Defenders of the semi-official theory of JFK’s assassination sometimes suggest that anyone who disagrees is deluded or dishonest. Dale Myers and Gus Russo have dubbed the benighted souls “the conspirati,” a term intended to convey disdain for those allegedly emotionally needy or intellectually incompetent people who doubt the claim that one man killed JFK for no reason.
The problem with this trope, alas, is the facts. There were plenty of astute observers of American power in 1963 who rejected the official theory of a “lone nut” and concluded President Kennedy had been killed by his enemies.
Here are six six U.S. government insiders in 1963 who suspected a JFK was killed by a conspiracy.
In response to my call for crowdsourcing Madeleine Brown’s story about Vice President Johnson attending a party the night before the assassination of JFK and saying the Kennedys would never embarrass him again, I received no information to corroborate Brown’s story.
Has anybody noticed that the conservative Fox News network is more open minded about the JFK assassination story than its liberal competitors?
The embedded player above isn’t working. So click on this sympathetic report on James Tague, a Dallas man who suffered a superficial injury from a gunshot that missed President Kennedy’s limousine on November 22, 1963. Fifty years later, Tague has not been invited to the official ceremony commemorating the anniversary of Kennedy’s death in Dallas.
Let’s talk about power: Richard Nixon and Roger Stone.
Roger Stone is the first JFK assassination author to have worked in the White House and among the few who have personal acquaintances with JFK’s sucessors.
As a former aide to President Reagan and confidante of RIchard Nixon, Stone brings unique practical experience and personal contacts at the highest levels of American politics to a subject that has often been written about by people with neither.
Stone’s background doesn’t mean that his interpretation of November 22, 1963, is necessarily correct, but he cannot be dismissed as “conspiracy theorist” who is deluded about the realities of American politics and power.
Billy Sol Estes, the infamous Texan con man who made multiple visits to prison after his complex web of mortgage fraud and agriculture swindles came to light in the early 1960s, died May 14, in Granbury, Texas, at age 88. (As if on cue, Mother Nature unleashed a tornado on Granbury the very next day, killing six people.)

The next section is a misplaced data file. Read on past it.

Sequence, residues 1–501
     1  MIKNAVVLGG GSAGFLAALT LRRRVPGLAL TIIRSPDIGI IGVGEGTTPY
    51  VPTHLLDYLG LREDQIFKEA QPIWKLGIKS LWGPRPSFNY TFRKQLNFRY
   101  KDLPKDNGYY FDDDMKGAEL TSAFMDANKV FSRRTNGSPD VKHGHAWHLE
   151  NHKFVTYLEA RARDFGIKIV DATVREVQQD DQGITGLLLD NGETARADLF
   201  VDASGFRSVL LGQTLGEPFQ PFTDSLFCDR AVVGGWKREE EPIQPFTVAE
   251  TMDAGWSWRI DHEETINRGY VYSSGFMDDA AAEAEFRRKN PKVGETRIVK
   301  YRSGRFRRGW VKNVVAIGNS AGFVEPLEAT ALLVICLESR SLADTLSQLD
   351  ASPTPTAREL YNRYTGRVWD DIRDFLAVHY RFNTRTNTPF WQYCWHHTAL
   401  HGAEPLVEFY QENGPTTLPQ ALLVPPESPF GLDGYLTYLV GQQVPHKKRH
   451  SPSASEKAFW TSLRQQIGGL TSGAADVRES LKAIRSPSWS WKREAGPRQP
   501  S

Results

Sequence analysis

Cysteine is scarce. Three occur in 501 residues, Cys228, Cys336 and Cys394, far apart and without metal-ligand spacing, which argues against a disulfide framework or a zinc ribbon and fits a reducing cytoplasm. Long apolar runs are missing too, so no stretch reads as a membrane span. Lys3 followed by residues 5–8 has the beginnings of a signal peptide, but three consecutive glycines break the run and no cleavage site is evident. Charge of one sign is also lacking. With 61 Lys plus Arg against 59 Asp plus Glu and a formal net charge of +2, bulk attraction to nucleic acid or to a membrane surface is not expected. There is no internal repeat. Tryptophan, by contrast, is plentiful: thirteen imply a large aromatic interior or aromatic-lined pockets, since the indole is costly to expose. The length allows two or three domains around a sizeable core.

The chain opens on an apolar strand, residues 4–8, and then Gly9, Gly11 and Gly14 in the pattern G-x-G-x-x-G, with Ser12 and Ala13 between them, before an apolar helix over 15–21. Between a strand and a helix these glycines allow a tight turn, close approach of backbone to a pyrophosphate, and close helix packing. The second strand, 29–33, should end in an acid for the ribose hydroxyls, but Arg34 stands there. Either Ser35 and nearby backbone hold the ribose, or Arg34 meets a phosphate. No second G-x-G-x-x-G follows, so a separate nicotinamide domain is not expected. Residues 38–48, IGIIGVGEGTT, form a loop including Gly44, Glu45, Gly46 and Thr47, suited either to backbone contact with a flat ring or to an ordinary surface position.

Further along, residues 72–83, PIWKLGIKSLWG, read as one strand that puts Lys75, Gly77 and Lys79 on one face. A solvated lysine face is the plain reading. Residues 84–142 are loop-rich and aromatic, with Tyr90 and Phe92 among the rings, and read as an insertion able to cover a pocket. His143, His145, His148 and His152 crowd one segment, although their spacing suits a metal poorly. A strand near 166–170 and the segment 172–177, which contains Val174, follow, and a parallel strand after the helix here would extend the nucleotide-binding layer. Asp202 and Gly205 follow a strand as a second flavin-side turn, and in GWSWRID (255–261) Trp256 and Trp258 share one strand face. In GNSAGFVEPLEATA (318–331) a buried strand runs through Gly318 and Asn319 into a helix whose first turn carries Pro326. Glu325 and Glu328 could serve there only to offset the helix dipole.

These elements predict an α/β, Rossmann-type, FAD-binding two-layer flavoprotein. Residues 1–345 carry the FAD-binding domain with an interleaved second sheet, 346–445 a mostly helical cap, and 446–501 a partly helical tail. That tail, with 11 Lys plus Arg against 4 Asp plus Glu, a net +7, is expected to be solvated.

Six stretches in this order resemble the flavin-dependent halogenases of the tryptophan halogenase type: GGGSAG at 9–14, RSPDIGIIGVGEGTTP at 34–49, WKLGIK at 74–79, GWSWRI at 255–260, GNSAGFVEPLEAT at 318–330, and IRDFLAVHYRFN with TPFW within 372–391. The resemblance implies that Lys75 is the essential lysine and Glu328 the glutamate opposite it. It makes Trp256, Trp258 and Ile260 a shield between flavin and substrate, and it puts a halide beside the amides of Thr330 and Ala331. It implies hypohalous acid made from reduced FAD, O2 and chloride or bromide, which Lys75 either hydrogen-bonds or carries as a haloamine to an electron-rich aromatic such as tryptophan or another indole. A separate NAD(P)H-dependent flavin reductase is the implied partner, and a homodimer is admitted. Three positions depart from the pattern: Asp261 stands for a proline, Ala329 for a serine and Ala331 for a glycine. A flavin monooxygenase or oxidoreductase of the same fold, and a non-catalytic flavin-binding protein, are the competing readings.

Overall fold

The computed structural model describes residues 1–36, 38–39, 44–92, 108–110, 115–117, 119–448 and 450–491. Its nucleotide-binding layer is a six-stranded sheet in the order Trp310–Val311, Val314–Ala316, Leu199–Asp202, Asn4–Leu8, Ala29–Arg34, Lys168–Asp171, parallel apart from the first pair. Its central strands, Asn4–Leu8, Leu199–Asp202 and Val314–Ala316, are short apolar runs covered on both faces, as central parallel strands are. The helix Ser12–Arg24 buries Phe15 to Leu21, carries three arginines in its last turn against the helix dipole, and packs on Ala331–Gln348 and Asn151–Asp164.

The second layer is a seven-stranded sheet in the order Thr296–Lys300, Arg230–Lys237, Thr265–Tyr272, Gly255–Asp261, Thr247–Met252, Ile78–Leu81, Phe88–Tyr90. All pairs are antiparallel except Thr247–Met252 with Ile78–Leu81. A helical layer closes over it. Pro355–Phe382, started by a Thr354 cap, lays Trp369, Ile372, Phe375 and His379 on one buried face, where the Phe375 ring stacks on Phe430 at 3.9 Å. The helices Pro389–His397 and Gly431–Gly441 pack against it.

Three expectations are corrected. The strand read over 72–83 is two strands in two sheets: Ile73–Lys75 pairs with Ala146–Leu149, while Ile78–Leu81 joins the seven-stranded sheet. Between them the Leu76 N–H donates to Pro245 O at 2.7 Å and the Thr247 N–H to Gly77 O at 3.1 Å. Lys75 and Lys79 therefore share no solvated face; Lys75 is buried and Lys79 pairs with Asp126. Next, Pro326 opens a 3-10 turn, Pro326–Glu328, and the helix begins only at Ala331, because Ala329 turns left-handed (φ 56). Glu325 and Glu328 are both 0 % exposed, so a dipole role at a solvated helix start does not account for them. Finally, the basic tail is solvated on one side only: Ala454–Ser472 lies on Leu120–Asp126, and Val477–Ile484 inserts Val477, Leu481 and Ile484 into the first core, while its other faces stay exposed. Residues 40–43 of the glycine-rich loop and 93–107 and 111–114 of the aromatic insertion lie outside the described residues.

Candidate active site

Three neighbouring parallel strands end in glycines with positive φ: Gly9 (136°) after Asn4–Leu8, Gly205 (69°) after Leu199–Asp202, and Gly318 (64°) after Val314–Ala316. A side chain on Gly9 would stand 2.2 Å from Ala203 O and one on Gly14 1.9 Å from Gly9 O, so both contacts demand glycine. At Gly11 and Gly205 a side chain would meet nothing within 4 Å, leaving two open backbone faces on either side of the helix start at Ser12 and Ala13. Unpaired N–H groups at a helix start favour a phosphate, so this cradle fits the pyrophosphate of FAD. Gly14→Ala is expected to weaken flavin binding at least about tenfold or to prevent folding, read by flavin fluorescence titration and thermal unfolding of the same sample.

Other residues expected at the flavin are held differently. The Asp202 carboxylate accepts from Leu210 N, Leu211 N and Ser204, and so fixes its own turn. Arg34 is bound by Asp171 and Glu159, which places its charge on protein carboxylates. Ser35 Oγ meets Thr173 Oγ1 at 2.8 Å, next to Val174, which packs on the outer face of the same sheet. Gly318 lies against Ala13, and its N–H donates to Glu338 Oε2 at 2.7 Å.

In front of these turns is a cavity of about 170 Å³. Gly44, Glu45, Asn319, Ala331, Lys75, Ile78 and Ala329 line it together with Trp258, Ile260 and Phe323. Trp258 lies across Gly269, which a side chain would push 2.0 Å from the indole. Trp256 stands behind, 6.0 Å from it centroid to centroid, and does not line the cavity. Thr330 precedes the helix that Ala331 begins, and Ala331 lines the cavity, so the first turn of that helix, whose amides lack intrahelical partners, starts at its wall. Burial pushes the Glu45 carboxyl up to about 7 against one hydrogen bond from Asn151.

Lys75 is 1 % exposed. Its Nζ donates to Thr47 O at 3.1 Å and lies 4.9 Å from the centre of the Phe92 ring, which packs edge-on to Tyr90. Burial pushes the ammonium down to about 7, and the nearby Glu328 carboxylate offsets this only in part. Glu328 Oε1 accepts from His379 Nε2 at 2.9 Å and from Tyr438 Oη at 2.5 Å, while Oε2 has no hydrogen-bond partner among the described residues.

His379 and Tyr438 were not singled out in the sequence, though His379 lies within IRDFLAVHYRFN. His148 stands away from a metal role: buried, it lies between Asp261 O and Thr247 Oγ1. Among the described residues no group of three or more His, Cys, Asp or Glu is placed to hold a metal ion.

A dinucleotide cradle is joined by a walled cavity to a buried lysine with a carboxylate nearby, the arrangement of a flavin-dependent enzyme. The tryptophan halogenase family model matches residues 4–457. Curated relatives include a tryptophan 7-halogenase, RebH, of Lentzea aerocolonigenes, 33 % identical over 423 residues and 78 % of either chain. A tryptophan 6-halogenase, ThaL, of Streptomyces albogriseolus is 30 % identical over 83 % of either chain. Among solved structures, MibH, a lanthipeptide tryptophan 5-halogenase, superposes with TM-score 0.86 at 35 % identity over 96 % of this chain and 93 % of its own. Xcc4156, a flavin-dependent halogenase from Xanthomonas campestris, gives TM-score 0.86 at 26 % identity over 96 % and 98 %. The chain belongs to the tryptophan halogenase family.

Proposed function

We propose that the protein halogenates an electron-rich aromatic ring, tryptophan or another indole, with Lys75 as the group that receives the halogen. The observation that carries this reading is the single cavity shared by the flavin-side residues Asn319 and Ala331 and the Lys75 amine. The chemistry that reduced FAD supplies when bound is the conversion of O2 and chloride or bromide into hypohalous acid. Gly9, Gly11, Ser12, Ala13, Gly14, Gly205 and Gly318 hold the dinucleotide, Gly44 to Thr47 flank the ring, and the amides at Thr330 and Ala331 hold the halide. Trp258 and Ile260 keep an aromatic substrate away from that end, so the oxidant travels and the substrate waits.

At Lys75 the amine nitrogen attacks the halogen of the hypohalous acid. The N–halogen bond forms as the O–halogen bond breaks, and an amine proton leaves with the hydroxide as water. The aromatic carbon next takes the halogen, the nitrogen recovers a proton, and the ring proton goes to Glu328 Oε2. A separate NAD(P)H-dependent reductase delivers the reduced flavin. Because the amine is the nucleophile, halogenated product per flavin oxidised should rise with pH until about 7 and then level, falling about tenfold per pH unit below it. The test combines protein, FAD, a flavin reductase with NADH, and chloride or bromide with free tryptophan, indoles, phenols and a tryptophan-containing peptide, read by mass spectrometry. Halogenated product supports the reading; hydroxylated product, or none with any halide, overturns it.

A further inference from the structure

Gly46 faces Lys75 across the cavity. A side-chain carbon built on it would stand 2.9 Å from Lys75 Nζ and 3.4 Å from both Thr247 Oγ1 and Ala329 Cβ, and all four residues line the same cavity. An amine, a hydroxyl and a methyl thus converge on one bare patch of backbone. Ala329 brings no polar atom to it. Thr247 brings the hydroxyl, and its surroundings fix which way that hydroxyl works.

Among Estes’ legacies: the allegation that Lyndon Johnson orchestrated the assassination of President John F. Kennedy.
The most interesting disclosure Stone has made so far concern his conversations with former President Richard Nixon. As the Daily Beast reported:
“According to Stone, Nixon “never flatly said who was responsible [for Kennedy’s death]. But he would say, ‘Both Johnson and I wanted to be president, but the only difference was I wouldn’t kill for it.”
On Monday morning, January 14, President John F. Kennedy woke up prepared to give his third State of the Union address on Capitol Hill. He would never give another.
The past few days had been spent in intense preparation. JFK had shaped the address to focus on managing the Western coalition arrayed against the Soviet Union while proposing a three-year $10 billion tax cut to sweeten prospects for his liberal agenda on Capitol Hill. Read more
Once President Johnson decided to back the idea of a Presidential Commission, he moved swiftly. By Friday, November 29, his selections had solidified, reluctant participants arm-wrestled into service, and the Commission was announced. It was to be headed by the most reluctant participant of all, Supreme Court Justice Earl Warren, and the story of how Johnson got him on board is revealing.
First, the names had to be run by the all-powerful FBI Director J. Edgar Hoover. Johnson was coy, asking if Hoover was “familiar with this proposed group they’re trying to put together?” Read more
One dissenter from the Warren Commission was Winston Scott, the powerful chief of the CIA’s Mexico City station in 1963.
Our Man in Mexico tells his story. There is no theory in Jefferson Morley’s critically-acclaimed biography, just the compelling life story of a decorated CIA spymaster who knew that a key claim in the Warren Commission report was false--and dared to say so.